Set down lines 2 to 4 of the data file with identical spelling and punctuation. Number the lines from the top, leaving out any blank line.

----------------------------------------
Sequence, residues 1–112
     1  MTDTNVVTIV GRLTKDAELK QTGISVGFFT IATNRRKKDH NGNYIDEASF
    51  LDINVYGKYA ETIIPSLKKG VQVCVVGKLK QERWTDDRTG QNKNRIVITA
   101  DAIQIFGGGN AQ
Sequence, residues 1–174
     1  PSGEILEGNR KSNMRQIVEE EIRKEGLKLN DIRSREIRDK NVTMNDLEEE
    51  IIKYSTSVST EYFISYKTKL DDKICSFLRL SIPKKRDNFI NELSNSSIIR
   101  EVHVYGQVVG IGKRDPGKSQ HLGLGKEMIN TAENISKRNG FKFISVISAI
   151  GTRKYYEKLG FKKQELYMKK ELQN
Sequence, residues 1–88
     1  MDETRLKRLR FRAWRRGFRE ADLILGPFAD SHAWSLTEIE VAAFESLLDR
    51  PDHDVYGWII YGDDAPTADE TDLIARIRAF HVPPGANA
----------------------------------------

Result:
     1  MTDTNVVTIV GRLTKDAELK QTGISVGFFT IATNRRKKDH NGNYIDEASF
    51  LDINVYGKYA ETIIPSLKKG VQVCVVGKLK QERWTDDRTG QNKNRIVITA
   101  DAIQIFGGGN AQ